- June 14, 2019: Case count updated to 684
- April 17, 2019: Updated Antifungal Susceptibility Testing and Interpretation to report the first 2 pan-resistant U.S. cases
- March 7, 2019: Updated Tracking Candida auris to reflect 2019 nationally notifiable status and updated case definition
- December 21, 2018: Updated recommendations for laboratorians and health professionals, including environmental disinfection, species identification, and screening recommendations; reorganized webpages
- July 20, 2018: Fact sheets added for patients, laboratory staff, and infection preventionists
Candida auris is an emerging fungus that presents a serious global health threat. CDC is concerned about C. auris for three main reasons:
- It is often multidrug-resistant, meaning that it is resistant to multiple antifungal drugs commonly used to treat Candida infections.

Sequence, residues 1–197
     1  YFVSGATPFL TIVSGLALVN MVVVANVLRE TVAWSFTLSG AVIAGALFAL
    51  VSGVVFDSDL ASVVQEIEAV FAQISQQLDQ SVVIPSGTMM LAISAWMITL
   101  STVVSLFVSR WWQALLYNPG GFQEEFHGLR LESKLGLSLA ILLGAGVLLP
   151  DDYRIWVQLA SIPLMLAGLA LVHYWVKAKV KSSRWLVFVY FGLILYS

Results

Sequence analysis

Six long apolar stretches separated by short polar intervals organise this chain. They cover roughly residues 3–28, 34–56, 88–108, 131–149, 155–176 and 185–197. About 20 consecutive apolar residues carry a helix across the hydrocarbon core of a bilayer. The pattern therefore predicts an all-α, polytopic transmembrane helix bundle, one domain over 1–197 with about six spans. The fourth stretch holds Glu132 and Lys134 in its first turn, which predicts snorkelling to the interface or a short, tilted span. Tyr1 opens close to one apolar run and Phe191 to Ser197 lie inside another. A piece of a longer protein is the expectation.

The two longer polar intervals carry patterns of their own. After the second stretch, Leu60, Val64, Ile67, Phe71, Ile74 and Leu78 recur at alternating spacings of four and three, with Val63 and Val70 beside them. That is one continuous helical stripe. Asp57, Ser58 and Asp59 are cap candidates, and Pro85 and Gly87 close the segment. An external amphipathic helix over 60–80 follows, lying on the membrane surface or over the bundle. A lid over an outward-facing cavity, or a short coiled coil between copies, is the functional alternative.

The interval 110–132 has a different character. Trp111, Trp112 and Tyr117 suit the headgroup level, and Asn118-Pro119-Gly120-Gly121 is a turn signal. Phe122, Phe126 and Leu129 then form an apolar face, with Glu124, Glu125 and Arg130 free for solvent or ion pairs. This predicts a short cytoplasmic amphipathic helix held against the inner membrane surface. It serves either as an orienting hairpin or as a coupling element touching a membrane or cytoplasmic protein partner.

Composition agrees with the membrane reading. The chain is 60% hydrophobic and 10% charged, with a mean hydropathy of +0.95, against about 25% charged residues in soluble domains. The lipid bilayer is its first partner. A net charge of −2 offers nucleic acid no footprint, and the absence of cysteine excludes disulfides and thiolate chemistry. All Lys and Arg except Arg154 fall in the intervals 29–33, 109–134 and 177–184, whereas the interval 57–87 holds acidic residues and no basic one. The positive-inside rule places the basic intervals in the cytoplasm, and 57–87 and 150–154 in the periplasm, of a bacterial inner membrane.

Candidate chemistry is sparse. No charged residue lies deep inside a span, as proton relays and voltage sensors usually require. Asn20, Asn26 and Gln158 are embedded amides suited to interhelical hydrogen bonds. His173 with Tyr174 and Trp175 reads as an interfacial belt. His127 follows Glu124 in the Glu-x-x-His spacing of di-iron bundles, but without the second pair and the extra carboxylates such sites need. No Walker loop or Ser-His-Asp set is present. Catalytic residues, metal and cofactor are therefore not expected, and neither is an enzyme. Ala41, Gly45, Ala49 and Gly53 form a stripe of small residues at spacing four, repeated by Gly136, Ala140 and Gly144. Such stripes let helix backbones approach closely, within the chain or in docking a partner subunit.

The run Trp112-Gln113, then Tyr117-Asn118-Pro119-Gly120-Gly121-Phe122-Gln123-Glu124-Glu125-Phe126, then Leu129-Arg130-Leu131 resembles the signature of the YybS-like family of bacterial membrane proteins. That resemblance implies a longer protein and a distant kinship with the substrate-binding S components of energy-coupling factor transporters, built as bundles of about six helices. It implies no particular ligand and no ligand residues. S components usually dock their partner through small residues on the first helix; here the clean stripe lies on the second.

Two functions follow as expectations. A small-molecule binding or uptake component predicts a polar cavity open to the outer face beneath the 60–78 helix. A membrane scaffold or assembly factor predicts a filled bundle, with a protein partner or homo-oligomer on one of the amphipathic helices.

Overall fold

- It is difficult to identify with standard laboratory methods, and it can be misidentified in labs without specific technology. Misidentification may lead to inappropriate management.
- It has caused outbreaks in healthcare settings. For this reason, it is important to quickly identify C. auris in a hospitalized patient so that healthcare facilities can take special precautions to stop its spread.
CDC encourages all U.S. laboratory staff who identify C. auris to notify their state or local public health authorities and CDC at email@example.com.
CDC Expert Commentary
The Unexpected and Troubling Rise of Candida aurisexternal icon
August 24, 2017
CDC expert Dr. Tom Chiller discusses Candida auris, an emerging fungus that presents a serious global health threat.